Think Local. Eat Local. Be Native.
Native Eatery and Bar serves up local American fare
By Christopher Malone
Casual upscale dining — hearing those words almost sounds like an oxymoron.
Native Eatery and Bar on 180 S. Clinton Ave. in Rochester boasts this on their website, on social media, and Google. It’s not the only restaurant to make such claims either. However, come to find out, it truly defines the description.
While entering Center City from the east, after passing under that large and confident “Welcome to Rochester” sign, Native is right there and part of the welcoming committee. The brick exterior of 3 City Center is a perfect façade to house the industrial interior of the eatery. Both the inside of the restaurant and patio are incredibly spacious, which allows appropriate dining for this strange time.
A couple beverages were enjoyed. The first was one of the house craft cocktails, the Smoke on the Water ($11). The fire water libation lived up to its name and components: mezcal, plum gin, luxardo barrel-aged peychauds (bitters), and orange bitters. Its presentation was as straightforward as it was delightful. I may have muttered or sang, “A fire in the sky,” after taking the first sip audibly enough to be heard by those within an earshot.
The second was Three Heads Brewing’s dark lager ($7). The Rochester brewery’s Dunkel-style lager is as warm as its color. The medium-bodied brew is incredibly flavorful and the toasty characteristics paired well with all the pork consumed at this meal.
Speaking of pig, the pork tacos ($13) and lettuce wraps ($15) were the two appetizers of the evening. The latter (and lighter of the two) came out first. Four giant, durable leaves of Boston lettuce sat on the plate. Strategically placed in the center of each was a pile of shredded chicken, pico de gallo, candied nuts, and chipotle aioli. For those not wanting to enjoy tacos, this is a vibrantly flavorful — healthier perhaps? — alternative.
The pork tacos, surprisingly, are less expensive than the lettuce wraps. Three generous tacos make up this shareable dish. These tacos are heavy. They’re so stuffed that they need two tortillas to hold the cola-braised pork, slaw, pickled jalapeño slices and sour cream. The pork wasn’t dry. The slaw boasted a slightly mild kick and teamed up with the hot pepper for a sweet heat.
When moving to the entrees, I have to admit this is the first time I’ve wanted to order and eat every single one of the options on an entrée list. Sometimes I’ll say, “I’ll take one of each,” to whimsically joke about how all the dishes sound delicious and still not discredit the restaurant. This time, it was said with 100% seriousness. In a perfect world, all of Native’s entrees would have been served to me that evening.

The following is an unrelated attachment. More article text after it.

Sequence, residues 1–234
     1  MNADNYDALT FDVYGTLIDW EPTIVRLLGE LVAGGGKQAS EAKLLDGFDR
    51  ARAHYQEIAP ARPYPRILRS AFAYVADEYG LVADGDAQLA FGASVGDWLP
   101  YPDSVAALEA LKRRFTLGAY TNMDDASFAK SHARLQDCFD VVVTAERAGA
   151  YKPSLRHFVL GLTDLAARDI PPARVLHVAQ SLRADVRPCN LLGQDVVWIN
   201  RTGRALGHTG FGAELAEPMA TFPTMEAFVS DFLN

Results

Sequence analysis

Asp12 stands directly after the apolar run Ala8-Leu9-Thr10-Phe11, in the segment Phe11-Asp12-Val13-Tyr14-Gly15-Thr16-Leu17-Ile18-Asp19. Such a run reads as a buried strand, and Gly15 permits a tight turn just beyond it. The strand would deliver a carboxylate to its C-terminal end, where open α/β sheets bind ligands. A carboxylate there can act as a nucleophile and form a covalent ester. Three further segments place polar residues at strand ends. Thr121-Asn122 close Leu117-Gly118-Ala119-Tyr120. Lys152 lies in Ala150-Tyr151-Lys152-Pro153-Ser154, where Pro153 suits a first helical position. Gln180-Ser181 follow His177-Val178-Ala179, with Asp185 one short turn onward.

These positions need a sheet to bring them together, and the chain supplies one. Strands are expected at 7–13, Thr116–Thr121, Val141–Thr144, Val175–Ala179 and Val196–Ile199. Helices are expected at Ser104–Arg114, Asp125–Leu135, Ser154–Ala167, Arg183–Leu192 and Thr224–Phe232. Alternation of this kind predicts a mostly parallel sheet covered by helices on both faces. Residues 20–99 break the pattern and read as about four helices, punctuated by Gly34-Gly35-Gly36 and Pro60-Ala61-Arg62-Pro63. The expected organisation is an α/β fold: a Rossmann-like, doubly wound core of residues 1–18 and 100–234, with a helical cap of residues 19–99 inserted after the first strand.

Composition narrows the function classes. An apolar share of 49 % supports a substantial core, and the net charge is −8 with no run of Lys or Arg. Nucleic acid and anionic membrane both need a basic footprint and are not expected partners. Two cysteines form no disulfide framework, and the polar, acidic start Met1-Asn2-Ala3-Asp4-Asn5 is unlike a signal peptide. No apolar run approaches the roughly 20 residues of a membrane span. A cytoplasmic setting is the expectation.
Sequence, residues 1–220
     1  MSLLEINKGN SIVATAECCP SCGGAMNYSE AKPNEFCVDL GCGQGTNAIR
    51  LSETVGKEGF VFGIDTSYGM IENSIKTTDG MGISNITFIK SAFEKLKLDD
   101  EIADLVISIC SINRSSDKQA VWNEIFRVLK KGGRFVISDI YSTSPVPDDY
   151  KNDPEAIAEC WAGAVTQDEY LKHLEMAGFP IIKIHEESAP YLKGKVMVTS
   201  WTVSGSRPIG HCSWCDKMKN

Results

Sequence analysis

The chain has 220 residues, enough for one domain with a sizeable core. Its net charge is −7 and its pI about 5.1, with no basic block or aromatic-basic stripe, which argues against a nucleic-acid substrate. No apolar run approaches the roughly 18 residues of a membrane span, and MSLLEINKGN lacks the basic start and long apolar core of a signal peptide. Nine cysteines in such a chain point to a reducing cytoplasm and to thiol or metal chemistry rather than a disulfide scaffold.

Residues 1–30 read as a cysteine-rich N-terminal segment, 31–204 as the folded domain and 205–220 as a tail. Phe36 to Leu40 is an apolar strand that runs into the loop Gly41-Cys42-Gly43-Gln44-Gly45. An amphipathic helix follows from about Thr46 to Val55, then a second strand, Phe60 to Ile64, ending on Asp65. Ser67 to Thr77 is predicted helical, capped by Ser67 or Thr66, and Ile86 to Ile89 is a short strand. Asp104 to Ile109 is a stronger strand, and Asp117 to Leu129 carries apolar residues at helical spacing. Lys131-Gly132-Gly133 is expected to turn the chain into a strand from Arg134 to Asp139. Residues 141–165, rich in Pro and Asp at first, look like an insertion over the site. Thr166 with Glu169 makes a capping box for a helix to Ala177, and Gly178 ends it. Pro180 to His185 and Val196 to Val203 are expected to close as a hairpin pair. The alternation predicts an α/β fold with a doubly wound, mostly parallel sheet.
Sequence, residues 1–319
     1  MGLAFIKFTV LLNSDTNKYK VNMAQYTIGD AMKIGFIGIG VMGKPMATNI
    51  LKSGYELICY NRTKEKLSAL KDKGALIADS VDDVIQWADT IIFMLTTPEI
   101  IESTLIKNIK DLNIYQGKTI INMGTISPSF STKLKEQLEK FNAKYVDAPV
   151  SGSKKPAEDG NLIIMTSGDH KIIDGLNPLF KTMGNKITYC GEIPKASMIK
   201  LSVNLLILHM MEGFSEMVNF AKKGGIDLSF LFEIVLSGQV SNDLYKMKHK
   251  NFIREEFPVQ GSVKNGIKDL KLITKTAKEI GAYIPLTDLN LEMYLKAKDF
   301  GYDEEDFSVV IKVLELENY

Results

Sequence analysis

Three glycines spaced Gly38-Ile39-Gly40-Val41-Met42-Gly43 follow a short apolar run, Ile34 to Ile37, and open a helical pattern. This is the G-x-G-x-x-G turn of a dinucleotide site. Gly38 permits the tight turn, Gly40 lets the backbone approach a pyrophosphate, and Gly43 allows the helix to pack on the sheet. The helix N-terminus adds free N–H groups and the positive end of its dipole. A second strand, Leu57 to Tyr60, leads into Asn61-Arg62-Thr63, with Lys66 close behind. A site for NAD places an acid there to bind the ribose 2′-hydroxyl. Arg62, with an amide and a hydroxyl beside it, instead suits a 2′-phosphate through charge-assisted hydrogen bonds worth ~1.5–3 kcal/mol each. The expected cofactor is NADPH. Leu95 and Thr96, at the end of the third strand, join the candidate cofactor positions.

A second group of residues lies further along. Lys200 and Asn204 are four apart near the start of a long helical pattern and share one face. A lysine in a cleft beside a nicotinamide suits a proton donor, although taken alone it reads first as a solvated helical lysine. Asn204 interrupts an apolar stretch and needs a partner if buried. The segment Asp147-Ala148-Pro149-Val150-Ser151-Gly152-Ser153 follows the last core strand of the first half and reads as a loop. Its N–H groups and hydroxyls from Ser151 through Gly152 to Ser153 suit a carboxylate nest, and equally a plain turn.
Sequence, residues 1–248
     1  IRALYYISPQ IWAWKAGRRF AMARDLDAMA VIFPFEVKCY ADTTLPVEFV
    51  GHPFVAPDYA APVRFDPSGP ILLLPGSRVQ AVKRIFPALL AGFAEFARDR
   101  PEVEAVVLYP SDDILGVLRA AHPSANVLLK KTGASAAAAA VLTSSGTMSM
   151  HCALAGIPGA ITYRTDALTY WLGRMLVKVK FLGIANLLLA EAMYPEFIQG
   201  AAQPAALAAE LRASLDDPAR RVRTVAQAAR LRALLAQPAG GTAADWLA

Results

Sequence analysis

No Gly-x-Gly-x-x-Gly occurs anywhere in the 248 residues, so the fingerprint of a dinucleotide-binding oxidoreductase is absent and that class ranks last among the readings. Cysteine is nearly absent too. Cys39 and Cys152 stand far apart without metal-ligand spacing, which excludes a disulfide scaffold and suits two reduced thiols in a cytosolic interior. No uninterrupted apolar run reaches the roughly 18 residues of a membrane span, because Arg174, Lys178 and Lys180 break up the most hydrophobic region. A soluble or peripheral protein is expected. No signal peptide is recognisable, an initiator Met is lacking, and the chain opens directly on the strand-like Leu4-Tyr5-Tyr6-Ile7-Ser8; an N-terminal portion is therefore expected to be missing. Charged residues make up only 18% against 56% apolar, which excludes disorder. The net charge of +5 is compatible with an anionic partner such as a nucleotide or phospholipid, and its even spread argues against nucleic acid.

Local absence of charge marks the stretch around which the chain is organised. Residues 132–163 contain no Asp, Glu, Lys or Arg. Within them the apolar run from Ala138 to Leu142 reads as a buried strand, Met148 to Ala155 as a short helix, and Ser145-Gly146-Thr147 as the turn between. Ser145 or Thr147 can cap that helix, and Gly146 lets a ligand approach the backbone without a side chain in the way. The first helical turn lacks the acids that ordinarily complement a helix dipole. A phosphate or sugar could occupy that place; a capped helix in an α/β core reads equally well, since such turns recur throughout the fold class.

The second item on the list, the seared salmon risotto ($24), was ordered with a distinct vocal timbre, like an announcement of victory. The pile of risotto was tinted blood-red from the beets. On top of the rice pile sat a generous, hearty fillet of salmon. Sauteed kale sat proudly atop the fish like the cherry of a sundae. On the side sat a couple slices of pickled candy cane beets and salmon skin cracklin. Yes, the skin of that salmon fillet stood proudly upright in the risotto, just like a flag. Combined with the garlic and pieces of shallots, this entrée was outstanding.
The porter-braised pork shank ($24) was next on the list. The hunky pork sat in the middle of the plate, surrounded by veggies and whipped potatoes. Frizzle-fried onions decorated the pork like medals on a military hero. This pork was dignified. Paired with the dark lager mentioned earlier — delicious. The two beer styles, the smokiness of the porter and nutty lager, proved to be a wonderful team. Although the meat did fall right off the bone, it was teetering toward the overcooked side. When combining a bite of the pork with the veggies and the potatoes, everything felt right with the world.
Before tip, the bill came to $101 and change. It was a perfect amount of food, high quality meals, and the very friendly staff didn’t have to roll me out. Plus, a doggie bag of leftovers made it back to the house. Kudos to Native for allowing a clean, safe environment.
For those wanting to support a local business but eat at home, delivery and takeaway are possible (similar to most places). For those wanting to eat in, please call ahead and reserve a spot.
Native Eatery & Bar
180 S. Clinton Ave.
Rochester. NY 14604
Sun. – Mon.: Closed
Tues. – Thurs.: 11 a.m. – 9 p.m.
Fri.: 11 a.m. – Midnight
Sat.: 5 p.m. – Midnight
Photo: Native Eatery’s porter-braised pork shank ($24): The hunky pork sat in the middle of the plate, surrounded by veggies and whipped potatoes. Frizzle-fried onions decorated the pork like medals on a military hero.